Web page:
Little Mosque
Little Mosque: a fantastically funny show where the Muslim community gets the spotlight.

5. Read and watch work by non-white creators.

Saved for last because it’s the most important. First, as I said before, art inspires art. This could be a whole post of it’s own, but short version; I’ve grown up in a world that mostly puts white artists in front of me. This means that my inspiration for non-white characters has largely come from white artists, who themselves were copying other white artists, who were inspired by other white artists… This process can’t create original, lifelike POC characters who represent the diversity that’s out there. If you want a fresh outlook, go straight to the source. Find musicians, actors, comedians, directors and yes, writers who aren’t white.

Second, while I think white people have a responsibility to undo some of the damage our ancestors have done, it’s important to not go so overboard that we talk over POC. You need to respect the actual voices of the people who you are trying to represent. You need to elevate their voices directly, not just borrow them. There are also plenty of reading lists on the internet. Also, every book/film/TV show pictured on this post was written by someone who isn’t white, so if any of them appealed to you, there’s your starting point.

Warning; if you follow this advice, at some point you will be angry because all these authors with their awards and their amazingness and yet I’ve never heard of them why????!!!!!

BloodChild
Octavia E. Butler: you are so wonderful. Where have you been all my life?

Reviewing Adventures in Odyssey as an Agnostic; A Matter of Obedience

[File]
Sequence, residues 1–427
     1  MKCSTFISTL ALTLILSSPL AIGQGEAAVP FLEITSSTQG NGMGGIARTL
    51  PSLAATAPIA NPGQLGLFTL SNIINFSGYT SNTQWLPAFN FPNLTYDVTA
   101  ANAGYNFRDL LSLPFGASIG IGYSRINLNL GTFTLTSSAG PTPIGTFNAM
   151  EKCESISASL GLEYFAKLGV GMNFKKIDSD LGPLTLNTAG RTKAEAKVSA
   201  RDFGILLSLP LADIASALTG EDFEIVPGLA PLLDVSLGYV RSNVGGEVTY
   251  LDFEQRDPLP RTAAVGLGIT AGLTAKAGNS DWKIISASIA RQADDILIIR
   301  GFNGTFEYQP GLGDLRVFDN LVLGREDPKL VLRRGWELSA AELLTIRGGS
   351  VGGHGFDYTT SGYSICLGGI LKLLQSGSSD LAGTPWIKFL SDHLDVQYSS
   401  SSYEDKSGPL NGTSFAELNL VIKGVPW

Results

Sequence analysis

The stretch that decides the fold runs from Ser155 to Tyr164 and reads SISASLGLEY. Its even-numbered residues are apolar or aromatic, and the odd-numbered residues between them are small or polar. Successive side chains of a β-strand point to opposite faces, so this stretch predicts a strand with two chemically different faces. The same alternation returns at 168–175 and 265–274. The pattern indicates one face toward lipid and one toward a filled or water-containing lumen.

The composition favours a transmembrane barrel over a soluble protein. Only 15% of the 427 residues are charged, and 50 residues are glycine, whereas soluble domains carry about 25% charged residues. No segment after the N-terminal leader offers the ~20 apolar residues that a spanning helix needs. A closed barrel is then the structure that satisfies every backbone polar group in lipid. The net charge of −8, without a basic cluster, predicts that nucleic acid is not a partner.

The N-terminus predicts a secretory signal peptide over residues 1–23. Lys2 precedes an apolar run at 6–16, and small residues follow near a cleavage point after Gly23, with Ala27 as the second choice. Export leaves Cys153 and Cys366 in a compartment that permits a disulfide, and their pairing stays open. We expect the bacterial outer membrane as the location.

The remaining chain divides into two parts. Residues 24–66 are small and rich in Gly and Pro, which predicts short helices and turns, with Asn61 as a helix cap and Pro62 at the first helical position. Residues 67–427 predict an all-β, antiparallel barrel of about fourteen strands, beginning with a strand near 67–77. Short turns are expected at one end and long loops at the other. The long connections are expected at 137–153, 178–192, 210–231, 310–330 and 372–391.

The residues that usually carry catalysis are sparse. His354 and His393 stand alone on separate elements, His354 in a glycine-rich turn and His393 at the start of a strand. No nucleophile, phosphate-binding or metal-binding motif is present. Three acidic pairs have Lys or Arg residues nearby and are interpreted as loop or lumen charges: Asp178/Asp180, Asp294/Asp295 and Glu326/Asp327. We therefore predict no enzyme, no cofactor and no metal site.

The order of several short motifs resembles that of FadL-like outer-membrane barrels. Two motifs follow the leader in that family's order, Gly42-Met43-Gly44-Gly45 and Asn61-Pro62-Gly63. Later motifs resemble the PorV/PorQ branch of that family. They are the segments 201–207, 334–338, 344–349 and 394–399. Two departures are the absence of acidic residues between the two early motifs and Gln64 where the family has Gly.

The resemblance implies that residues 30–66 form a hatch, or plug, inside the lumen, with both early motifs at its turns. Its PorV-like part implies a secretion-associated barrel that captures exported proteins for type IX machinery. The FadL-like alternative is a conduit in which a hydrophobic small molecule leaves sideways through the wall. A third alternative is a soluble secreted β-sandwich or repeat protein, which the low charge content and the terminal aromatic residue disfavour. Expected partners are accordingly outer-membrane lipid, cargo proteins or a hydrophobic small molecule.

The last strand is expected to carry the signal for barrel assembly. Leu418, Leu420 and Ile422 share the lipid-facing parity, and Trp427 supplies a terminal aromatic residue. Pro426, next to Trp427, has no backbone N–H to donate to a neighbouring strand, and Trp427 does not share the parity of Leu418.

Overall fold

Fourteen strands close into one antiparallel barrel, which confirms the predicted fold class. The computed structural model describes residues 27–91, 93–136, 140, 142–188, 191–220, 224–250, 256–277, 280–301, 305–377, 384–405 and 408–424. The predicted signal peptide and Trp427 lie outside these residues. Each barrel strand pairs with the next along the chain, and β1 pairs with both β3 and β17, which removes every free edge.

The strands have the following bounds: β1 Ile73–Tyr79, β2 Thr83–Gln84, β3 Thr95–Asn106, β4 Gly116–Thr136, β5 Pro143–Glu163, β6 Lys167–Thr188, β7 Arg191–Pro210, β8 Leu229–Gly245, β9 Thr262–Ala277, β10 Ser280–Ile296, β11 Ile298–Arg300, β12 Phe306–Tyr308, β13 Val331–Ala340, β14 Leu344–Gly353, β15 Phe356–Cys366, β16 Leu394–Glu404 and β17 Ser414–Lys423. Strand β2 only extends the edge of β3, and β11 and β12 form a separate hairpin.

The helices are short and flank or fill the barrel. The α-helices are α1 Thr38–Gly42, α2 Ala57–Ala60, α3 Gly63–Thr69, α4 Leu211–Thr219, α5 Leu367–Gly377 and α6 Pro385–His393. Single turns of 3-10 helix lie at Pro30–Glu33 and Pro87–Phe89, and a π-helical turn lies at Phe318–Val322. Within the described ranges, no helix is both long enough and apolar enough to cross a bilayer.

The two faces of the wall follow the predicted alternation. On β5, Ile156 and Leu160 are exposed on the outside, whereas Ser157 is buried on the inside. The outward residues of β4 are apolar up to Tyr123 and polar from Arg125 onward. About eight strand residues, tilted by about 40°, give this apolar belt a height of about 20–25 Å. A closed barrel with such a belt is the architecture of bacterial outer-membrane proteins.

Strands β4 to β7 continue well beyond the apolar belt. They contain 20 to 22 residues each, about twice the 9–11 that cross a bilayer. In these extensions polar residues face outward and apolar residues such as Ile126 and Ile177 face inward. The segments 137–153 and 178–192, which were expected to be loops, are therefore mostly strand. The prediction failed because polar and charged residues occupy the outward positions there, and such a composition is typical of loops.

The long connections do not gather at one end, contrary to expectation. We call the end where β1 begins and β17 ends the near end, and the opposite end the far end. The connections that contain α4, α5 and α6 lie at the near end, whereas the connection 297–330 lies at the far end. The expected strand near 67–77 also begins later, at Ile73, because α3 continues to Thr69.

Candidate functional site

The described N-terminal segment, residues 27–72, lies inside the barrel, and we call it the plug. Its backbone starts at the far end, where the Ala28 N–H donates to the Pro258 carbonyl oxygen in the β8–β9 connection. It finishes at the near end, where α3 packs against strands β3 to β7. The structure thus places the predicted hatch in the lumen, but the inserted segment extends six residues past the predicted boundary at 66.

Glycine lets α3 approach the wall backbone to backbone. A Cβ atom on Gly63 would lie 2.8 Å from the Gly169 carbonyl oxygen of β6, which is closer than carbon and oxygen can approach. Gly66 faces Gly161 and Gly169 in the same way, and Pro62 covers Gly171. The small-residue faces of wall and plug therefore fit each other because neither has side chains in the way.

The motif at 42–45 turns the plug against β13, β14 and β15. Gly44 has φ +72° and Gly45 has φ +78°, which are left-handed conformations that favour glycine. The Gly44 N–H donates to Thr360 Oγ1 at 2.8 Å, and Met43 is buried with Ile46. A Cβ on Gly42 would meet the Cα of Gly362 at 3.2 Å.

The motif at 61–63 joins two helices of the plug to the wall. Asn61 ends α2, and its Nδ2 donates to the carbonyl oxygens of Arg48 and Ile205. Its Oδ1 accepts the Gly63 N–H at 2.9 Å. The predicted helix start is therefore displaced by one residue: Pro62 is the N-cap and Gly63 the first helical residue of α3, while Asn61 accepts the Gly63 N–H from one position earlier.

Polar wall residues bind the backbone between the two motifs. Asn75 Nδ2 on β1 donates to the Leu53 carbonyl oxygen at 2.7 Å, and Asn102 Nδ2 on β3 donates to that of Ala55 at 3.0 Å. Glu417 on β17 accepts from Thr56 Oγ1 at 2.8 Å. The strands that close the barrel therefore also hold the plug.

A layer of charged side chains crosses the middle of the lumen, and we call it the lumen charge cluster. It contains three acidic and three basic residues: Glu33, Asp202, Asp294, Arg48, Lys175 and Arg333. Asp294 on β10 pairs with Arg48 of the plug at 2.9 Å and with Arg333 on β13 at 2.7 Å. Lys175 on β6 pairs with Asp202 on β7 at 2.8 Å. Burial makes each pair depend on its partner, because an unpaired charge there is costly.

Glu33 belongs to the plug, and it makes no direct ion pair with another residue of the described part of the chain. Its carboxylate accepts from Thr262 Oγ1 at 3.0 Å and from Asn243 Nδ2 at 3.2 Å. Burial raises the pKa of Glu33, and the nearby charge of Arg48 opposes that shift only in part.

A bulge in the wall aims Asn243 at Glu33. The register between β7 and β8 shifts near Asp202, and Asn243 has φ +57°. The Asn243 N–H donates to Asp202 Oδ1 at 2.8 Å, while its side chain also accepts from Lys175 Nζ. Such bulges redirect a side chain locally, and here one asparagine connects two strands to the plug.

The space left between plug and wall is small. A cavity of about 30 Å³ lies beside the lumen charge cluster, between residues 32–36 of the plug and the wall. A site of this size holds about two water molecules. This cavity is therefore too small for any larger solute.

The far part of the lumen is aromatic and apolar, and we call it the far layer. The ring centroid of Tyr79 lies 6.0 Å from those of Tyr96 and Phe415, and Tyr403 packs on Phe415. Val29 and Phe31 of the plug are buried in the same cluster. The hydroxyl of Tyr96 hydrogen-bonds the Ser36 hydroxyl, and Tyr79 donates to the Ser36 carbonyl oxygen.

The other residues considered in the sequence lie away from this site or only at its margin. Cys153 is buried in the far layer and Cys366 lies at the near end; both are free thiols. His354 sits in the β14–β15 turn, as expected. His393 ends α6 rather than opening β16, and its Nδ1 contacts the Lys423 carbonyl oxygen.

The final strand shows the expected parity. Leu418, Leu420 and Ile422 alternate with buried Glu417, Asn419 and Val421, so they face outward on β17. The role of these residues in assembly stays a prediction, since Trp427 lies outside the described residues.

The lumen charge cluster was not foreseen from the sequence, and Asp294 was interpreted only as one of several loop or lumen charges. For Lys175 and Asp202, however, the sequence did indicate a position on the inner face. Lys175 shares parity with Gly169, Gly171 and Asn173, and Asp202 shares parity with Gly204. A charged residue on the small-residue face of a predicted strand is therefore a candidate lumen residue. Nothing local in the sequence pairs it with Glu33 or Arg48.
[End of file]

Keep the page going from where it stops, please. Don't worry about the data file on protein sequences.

This episode centers around Tom Reilly, a longtime friend of Whit’s. Tom is every old timey stereotype in the book; the positive ones, that is. From the perspective of the Adventures in Odyssey team, old fashioned and traditional is automatically better. For example, the Bible School class Tom has been ask to substitute teach, though inherently Biblical and therefore wonderful, has been tainted by the teacher’s newfangled ways. As Reynold the teacher’s pet explains;

“We learned that the word obedience as it appears in the New Testament is translated from the Greek word hupakoe, meaning to give fulfillment of God’s claims and commands, and hupatage, which means to bring under subjection.”

“Anything else?”

“It took us the whole class to learn about hupakoe, Mr. Reilly.”

How? You defined both words in one sentence.

I’ve been in plenty of Sunday School classes (and regular classes) where the teachers touched on the Greek, Hebrew and Latin root words. It never took up a whole class, in fact never more than a minute. If it did, it was because the root words were genuinely interesting and enlightening.

I also find this an ironic criticism. This series never stops praising the Bible, and emphasizing the importance of studying it, but God forbid you learn the copy in your own home is just a translation. God forbid you learn anything about the original language, and the subtleties that may have been lost. Tom rants for a while about this Bible School where they don’t read the Bible, never mind that, in a sense, that’s exactly what they were doing. He realizes that the duty of truly teaching them about obedience has fallen to him, and decides to tell them a story.

Not a story from the Bible, mind you. Just something that happened to him as a kid. You know, REAL Bible study stuff.

Tom’s father was a country doctor during the Great Depression. One day he asked Tom and his sister Becky to deliver some medicine, while he went to see another patient. Before he left, he gave Tom a list of instructions.

  1. Take the Single Path through the Gloomy Woods. It’s long and windy, but it’s a direct route, so they won’t get lost.
  2. Take a knapsack of food, because the trip will take most of the day and they will be hungry.
  3. Don’t play around. This means you, Tom. You can’t afford to waste time goofing off.
  4. Don’t talk to strangers on the way.
  5. Knock on the house with the blue door, and tell the man there who you are. Don’t knock on any other doors, because the people in that area don’t trust strangers.